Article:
Cynthia B Malinga, Loyiso C Jita, Abiodun A Bada


School organizational conditions influence teaching and learning. Instructional leadership is context-based, and the practices of the leader are contingent upon the school’s organizational context. In this paper, we examine how different schools create the organizational infrastructure for teaching and learning natural sciences (NS) and the adequacy thereof in providing a supportive environment for the teachers and students in the subject. Using a mixed methods approach, we compare the extent to which the organizational infrastructures in schools enable and/or constrain NS instruction and its leadership. We use survey data on NS teachers and their heads of department on school conditions and infrastructures, management and administrative processes, and subject leadership practices. A total of 77 schools and 15 participants responded to the questionnaire and participated in the interview/observation respectively, from 4 districts in the Gauteng province of South Africa. The data obtained were analyzed using descriptive statistics and content analysis. The findings showed that schools sharing similar socio-economic contexts have similar organizational infrastructures and arrangements around which the core work of teaching and learning was organized. The study concludes that school organizational infrastructures (shaped by contexts) may either promote or constrain effective instructional leadership for NS. We recommend that schools need to review their organizational arrangements and infrastructures to support instructional leadership and enhance their capacity to strengthen NS instruction more effectively.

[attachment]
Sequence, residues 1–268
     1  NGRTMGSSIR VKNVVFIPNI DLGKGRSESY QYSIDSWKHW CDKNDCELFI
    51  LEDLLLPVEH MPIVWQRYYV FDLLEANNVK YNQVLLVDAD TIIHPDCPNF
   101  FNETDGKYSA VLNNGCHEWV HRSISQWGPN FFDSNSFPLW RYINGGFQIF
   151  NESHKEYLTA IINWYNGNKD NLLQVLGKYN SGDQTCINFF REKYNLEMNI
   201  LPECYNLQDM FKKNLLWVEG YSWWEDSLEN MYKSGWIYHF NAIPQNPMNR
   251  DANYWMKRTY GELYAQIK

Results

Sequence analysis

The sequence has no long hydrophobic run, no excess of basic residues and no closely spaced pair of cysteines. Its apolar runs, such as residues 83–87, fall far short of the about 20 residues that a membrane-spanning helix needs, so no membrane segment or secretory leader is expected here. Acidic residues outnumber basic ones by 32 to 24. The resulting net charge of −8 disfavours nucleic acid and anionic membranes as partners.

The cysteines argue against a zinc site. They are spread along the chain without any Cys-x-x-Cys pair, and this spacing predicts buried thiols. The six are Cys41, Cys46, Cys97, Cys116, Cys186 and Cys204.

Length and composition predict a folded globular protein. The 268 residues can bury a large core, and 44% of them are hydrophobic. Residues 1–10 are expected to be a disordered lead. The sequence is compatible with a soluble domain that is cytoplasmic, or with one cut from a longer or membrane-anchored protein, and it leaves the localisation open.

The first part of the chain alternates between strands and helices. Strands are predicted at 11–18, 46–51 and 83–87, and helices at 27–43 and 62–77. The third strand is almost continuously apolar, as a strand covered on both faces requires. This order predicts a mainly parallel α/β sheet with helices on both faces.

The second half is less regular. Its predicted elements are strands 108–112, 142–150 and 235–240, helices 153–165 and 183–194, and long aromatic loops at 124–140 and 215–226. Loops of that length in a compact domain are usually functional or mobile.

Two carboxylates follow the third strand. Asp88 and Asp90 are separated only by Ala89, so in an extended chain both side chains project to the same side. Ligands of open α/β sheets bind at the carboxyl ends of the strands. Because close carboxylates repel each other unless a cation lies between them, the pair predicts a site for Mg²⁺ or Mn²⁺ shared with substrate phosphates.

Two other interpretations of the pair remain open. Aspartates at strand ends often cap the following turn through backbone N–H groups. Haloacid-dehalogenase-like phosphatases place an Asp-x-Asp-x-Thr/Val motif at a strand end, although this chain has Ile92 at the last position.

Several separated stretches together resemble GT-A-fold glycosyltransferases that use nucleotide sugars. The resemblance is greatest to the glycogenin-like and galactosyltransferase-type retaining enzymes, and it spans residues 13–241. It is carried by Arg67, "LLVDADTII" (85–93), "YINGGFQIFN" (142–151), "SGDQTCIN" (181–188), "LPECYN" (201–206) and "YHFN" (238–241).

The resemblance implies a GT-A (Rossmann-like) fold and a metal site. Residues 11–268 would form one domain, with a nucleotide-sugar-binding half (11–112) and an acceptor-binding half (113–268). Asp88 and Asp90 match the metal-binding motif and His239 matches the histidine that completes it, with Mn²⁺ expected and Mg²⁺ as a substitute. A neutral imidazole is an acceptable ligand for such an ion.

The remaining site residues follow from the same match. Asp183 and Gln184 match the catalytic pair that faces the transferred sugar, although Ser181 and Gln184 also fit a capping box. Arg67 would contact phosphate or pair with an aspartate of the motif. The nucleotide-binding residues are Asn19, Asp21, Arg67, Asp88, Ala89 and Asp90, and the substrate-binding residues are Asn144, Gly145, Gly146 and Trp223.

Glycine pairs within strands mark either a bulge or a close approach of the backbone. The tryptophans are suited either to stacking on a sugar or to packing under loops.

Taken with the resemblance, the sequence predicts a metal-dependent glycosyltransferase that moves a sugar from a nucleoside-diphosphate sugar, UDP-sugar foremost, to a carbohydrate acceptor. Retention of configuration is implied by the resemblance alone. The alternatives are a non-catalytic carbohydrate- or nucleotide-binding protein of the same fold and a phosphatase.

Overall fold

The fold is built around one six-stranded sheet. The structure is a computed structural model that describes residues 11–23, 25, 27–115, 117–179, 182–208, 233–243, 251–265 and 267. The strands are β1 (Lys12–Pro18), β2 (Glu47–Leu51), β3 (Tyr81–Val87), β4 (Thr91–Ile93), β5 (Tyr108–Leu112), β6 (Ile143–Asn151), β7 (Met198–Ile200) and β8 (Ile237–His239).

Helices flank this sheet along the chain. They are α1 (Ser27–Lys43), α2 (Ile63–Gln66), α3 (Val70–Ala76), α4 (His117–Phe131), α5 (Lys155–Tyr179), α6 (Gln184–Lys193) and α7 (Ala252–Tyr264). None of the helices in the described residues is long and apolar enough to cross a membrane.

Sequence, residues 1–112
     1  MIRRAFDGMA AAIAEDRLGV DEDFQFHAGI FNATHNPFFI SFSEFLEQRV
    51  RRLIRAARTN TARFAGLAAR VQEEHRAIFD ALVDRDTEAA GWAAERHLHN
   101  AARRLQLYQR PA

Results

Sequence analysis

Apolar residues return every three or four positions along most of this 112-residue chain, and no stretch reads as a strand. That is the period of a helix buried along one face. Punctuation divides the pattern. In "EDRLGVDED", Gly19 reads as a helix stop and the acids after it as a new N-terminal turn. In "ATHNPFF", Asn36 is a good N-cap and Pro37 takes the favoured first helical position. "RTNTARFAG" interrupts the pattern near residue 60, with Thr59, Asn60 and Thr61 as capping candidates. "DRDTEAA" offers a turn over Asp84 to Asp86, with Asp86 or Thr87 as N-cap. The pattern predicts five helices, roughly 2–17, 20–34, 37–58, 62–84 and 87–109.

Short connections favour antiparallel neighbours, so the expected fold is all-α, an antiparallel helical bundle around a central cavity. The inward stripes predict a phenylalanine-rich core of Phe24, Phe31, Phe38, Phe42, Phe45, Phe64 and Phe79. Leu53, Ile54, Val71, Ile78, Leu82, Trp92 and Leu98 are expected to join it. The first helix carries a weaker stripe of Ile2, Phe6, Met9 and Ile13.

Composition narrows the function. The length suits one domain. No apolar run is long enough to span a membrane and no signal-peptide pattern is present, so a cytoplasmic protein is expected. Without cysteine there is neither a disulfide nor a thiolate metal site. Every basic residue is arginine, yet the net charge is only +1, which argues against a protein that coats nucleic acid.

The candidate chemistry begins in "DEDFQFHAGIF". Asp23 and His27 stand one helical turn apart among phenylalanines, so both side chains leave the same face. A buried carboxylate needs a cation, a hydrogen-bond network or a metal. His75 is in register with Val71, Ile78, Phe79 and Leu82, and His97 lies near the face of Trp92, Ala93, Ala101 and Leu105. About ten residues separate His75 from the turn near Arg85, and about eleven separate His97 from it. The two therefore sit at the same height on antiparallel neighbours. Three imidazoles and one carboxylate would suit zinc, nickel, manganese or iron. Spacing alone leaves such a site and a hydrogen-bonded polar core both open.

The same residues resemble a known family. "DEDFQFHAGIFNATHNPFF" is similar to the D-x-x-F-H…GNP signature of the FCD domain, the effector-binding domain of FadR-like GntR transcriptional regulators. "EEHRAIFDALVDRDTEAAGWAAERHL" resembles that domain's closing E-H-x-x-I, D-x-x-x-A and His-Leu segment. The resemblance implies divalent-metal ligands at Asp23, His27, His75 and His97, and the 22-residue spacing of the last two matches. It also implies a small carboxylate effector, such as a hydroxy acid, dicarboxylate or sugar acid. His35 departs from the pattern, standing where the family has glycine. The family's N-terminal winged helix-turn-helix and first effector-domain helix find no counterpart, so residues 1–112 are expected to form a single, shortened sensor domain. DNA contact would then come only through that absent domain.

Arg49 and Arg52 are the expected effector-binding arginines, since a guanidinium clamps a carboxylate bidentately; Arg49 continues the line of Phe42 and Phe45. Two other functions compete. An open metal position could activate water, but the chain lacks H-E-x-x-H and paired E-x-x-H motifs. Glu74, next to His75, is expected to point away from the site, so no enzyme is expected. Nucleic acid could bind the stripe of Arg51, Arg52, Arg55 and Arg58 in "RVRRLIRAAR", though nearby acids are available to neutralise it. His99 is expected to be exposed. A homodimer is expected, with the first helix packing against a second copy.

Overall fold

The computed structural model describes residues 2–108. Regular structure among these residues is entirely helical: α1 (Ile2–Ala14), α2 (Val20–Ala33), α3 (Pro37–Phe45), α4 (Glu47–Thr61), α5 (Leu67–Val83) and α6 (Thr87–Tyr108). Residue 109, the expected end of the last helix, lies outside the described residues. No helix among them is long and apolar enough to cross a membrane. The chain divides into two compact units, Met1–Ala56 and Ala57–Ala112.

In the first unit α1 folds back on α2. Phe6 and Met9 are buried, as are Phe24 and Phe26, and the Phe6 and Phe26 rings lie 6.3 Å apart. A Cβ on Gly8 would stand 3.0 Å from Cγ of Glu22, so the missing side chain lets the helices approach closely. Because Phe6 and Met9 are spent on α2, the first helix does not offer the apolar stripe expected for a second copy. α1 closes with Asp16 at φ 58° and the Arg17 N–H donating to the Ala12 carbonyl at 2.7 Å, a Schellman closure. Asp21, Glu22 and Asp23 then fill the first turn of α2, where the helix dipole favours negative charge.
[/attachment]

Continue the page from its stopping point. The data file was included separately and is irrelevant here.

Head of department; Instructional leadership; Natural sciences; Organizational infrastructure; Subject department

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